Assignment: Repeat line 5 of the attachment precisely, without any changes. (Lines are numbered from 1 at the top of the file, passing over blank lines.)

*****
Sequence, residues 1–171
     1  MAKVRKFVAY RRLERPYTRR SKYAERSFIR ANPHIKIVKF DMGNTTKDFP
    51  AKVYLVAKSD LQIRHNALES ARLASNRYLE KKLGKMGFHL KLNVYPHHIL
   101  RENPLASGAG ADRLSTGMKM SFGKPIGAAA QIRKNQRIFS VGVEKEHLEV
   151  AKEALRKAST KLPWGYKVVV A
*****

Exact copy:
   151  AKEALRKAST KLPWGYKVVV A